Strong feeling against the proposed amalgamation of Sutton and Huthwaite was expressed at the monthly meeting of the Huthwaite Urban District Council on Tuesday evening, when Councillor F. C. Sowter, presided over the following members:- Councillors T. Goodall, E.H. Lowe, J. Davies, J. Potter, A. Wilson, J. Iball, W.E. Hancock, W. Clarke, M. Betts and D.D. Bonser.

A Sick Old Lady.

  Referring to the amalgamation, the Chairman said he looked upon it as a marriage to a sick old lady suffering from pernicious anaemia. And the Ministry knew it. He believed the Sutton Council had already been running upstairs to examine the old Lady's bank balances and had found these in very low waters. Sutton had patted themselves on the back and had congratulated themselves on this marriage, but the old lady had not recovered yet, and from what he had seen and heard as he went about she was not even convalescent.Anyone who read the Press could always predict what was at the back of the mind of Sutton Council. And another good omen was the Sutton Chamber of Trade. They did not desire traffic to go through Sutton, but wanted people to alight in the Market Place.
  "There has been a lot of discussion with regard to a coat of arms," observed the Chairman, "and it has been suggested it be a lion rampant. I suggest a better one would be a spider, so that everyone could alight at the Engine Green and listen to its ticking. Then reference has been made in the "Free Press" as to who should be nominated as first mayor of Sutton. I suppose he will be elected with all the pomp and pride that the occasion demands.

Petty Sessional Powers.

  "But I wonder if Sutton have ever considered what is involved in the appointment of a mayor? They will have to place a car at his disposal and grant a princely sum of money to him so that he may entertain. And they are not satisfied with that even. They propose, further, to go in for petty sessional powers. I wonder if it has ever occurred to Sutton ratepayers that they will want a court house, a clerk to the court and a caretaker, with other incidentals? If they get that we shall get the trooping of the colour every Thursday at Sutton.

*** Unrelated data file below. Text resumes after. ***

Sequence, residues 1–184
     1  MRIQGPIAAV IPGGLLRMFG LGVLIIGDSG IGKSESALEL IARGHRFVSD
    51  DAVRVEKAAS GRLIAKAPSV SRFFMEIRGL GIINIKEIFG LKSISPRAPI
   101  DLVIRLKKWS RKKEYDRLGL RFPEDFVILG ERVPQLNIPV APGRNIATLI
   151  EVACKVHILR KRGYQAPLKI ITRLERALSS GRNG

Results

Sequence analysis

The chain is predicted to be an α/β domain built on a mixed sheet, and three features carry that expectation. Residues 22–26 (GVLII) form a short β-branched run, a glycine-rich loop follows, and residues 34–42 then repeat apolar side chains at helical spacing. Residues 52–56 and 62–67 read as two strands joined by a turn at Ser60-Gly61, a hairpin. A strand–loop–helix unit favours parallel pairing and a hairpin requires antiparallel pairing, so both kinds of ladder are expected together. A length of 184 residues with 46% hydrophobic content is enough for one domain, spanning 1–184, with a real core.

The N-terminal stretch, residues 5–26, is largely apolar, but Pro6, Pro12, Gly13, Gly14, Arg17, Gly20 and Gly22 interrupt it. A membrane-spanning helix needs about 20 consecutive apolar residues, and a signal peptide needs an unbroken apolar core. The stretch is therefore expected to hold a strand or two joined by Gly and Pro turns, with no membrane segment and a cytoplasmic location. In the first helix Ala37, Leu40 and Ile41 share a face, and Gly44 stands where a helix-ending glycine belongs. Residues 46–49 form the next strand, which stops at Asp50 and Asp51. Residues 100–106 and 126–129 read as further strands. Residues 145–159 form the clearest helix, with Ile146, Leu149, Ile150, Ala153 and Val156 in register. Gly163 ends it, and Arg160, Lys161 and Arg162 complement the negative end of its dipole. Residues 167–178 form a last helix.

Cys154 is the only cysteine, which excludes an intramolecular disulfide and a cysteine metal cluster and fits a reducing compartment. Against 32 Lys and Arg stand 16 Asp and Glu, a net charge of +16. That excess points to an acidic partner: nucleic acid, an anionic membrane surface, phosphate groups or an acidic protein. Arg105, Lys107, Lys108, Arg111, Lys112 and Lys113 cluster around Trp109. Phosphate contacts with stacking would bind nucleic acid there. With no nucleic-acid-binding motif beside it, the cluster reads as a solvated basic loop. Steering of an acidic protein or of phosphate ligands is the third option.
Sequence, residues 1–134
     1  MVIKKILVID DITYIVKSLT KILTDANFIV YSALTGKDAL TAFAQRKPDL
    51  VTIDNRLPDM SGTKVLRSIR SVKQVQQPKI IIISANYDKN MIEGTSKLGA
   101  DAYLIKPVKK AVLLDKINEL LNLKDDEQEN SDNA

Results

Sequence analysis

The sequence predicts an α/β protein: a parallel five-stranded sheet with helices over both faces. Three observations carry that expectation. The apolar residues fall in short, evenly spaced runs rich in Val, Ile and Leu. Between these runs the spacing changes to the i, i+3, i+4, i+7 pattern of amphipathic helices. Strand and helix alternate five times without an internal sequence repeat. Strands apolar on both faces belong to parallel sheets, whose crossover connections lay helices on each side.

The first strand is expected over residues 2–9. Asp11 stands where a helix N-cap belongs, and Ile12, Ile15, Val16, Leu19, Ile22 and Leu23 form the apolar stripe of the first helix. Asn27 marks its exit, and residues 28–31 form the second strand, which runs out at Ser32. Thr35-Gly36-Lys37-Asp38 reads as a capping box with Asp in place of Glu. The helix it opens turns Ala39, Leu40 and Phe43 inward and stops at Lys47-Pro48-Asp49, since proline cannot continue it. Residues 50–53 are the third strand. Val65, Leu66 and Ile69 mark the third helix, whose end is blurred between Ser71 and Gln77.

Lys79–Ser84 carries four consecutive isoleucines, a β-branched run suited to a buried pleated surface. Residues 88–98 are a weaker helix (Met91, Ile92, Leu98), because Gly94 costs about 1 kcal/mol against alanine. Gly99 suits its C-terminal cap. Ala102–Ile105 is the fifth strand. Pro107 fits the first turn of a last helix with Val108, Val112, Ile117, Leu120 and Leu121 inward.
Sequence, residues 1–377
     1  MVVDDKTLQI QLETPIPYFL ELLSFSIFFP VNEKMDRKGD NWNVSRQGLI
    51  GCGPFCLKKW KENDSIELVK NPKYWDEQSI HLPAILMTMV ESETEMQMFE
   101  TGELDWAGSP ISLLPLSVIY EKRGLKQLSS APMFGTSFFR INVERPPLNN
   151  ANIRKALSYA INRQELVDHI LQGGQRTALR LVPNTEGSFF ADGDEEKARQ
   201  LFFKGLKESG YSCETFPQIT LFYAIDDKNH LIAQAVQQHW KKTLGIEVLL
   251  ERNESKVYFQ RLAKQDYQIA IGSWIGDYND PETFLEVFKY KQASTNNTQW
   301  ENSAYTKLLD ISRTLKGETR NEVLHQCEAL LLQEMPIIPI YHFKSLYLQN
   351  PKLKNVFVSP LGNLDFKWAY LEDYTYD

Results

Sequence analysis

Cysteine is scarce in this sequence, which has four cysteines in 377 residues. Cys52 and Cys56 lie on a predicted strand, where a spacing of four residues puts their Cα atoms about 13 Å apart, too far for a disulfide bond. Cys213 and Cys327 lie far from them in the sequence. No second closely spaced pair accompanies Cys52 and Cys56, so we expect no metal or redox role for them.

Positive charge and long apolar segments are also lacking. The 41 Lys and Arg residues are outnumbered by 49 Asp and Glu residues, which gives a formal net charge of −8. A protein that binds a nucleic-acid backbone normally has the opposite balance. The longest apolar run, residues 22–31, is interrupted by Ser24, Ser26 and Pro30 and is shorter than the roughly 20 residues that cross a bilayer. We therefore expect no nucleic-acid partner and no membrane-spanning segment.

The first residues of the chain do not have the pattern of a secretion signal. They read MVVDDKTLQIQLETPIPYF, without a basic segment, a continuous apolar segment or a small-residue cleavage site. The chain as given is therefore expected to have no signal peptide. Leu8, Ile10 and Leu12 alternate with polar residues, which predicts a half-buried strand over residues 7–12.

"But that is not all they require - they require something greater to make the whole thing a success. There ought to be a monument erected to the busy B's, because I have yet to learn that going in for borough powers of this nature does not increase rates. What with water, gas, sewers and the other powers they are seeking, rates are going to fly up. But they must not start showing favours now they have got married or there will be trouble in the camp. And they must not start using the big stick, nor developing the east end to the detriment of the west."
  Mr. Clarke: Perhaps we can see Lord Merrivale and get a divorce. (Laughter).
  Mr. Hancock: I don't know about a marriage; I think Huthwaite's attitude will be that the courtship will not develop into one. The whole question will be dealt with at some future date more publicly and more strongly.

Proposed Gas Order.

  Mr. Hancock then went on to deal with the objections to the proposed gas special order, and said it was time the public knew the position. Under the proposed new scheme the Council could reduce the price of gas to consumers 1s. 6d. per 1,000 cubic feet, and still make a profit of £251 per year. They were paying Sutton 3s. 3d. per 1,000 cubic feet against 1s. 3d. from the new course. Owing to the amalgamations, the speaker understood that the County Council had objected to the special order on the grounds that it would prejudice the amalgamations.